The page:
Lawsuit filed against doctor following death of artist behind Denver’s ‘Big Blue Bear’

DENVER -- A lawsuit filed Thursday alleges a doctor contributed to the death of a well-known Denver artist.

According to the lawsuit, Lawrence Nigel Argent died Oct. 4, 2017, one day after he underwent liposuction surgery.

Argent is known for creating "I See What You Mean," the large sculpture outside the Colorado Convention Center in downtown Denver also known as the "Big Blue Bear."

The plaintiffs in the case are Argent's two teenage sons -- both of whom are currently attending college -- and the court-appointed representative of Argent's estate.

The lawsuit alleges that the 60-year-old began to "medically deteriorate" following complications suffered during a Vaser Hi-Def Liposuction procedure.

The plaintiffs argue that Argent died of cardiac arrest due to the botched surgery.

"I don’t see how this happened. It’s alarming and it still feels like a nightmare," said Anne Argent, the ex-wife of Lawrence Argent.

Dr. John Millard is named as the defendant in the case as well as Lynsey Jolain Conder, a registered nurse employed by Millard.

Additionally, the lawsuit lists Dr. Dan Charles Rogers, an anesthesiologist, as a defendant. Rogers is said to have been present during Argent's procedure.

The attorney who filed the lawsuit said Argent's  medical team ignored obvious warning signs their patient was in distress. "After the  procedure was over he continued to bleed excessively to the extent that they had to put drains in him and empty the drains a whole bunch of times, said David Woodruff of the Denver Trial Lawyers firm, "If he had been sent to the ER based on the fact that he was still bleeding, he’d be alive today."

The "Big Blue Bear" outside the Colorado Convention Center in downtown Denver. Credit: Getty Images

Factual allegations leveled by the plaintiffs claim that Argent was healthy but wanted "body contouring" because he was a public figure.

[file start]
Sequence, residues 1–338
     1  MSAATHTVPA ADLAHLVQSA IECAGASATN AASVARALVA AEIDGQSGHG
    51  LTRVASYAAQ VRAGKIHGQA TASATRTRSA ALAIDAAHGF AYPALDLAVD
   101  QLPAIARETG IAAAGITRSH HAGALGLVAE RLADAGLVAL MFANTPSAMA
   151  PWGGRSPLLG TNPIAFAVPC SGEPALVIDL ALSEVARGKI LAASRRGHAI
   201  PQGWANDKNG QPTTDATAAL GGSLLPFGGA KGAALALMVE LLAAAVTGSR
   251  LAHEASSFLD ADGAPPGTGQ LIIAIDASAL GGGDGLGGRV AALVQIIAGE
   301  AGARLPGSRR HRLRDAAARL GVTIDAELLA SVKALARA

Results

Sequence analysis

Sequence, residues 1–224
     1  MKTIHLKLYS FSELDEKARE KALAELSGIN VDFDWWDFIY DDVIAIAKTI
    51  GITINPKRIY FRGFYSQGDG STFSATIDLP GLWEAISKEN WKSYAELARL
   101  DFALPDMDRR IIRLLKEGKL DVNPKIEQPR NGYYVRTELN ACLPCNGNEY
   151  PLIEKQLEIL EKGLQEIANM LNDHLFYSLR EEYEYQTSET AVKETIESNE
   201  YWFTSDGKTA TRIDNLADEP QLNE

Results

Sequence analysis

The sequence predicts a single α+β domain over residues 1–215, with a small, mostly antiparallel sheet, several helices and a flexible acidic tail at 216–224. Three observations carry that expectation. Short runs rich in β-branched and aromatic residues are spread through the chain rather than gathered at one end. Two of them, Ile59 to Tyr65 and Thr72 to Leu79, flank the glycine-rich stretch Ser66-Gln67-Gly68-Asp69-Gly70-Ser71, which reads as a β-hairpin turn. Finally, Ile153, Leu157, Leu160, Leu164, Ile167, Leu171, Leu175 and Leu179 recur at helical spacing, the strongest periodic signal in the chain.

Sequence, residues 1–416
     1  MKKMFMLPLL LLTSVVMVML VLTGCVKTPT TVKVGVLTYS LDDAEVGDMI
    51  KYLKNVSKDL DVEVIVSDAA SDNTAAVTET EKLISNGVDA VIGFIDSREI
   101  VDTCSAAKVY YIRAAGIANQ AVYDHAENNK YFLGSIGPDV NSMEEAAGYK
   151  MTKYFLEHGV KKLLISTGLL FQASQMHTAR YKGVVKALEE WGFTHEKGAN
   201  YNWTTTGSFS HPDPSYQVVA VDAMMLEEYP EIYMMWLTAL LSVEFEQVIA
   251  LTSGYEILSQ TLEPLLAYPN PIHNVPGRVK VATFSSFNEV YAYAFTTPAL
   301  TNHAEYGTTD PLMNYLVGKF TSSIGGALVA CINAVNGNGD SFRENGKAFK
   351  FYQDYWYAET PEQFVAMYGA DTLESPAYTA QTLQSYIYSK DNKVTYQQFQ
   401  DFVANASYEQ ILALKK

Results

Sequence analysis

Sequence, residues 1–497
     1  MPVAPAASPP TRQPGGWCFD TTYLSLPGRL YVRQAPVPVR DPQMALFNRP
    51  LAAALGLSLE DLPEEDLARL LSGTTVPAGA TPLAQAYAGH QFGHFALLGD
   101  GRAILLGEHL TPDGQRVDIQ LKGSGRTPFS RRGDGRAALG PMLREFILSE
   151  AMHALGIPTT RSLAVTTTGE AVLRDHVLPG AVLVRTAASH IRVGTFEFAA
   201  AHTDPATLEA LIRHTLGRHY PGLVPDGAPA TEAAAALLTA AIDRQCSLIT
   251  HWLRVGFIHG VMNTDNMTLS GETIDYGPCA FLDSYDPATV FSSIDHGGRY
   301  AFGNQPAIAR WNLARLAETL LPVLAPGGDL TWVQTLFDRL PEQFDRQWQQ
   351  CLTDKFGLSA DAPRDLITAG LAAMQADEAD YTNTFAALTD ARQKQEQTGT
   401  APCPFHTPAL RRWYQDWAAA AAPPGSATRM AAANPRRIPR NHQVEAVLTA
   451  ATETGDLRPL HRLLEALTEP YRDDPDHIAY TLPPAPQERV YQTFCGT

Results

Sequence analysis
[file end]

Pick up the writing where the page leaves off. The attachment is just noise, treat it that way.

Argent's sons also say that the artist exhibited signs and symptoms of medical complications during and after the procedure; those complications, they claim, include pain, unstable blood pressure, unstable oxygen saturation levels, inability to void, and tachycardia.

The artist was discharged but continued to experience pain, his sons said.

The day after he was discharged, Argent's girlfriend called Millard and said that the patient was in too much pain to go to his follow-up appointment. Millard, they said, offered little medical advice and Argent collapsed roughly three hours after the call was placed to Millard.

Argent was taken to the Emergency Room at Rose Medical Center where he was found to be in cardiopulmonary arrest with kidney failure and hyperkalemia.

"A CT scan was performed at Rose Medical Center which showed hypoperfusion to the liver, spleen, and bowel, and also free air in the abdomen and blood pooled in the abdomen," the lawsuit alleges.

Argent's sons claim that the defendants' negligence directly caused their father's death.

The plaintiffs also say the death of their father caused them to "suffer economic and non-economic damages, including medical expenses, loss of earnings, and the grief, sorrow and emotional loss.

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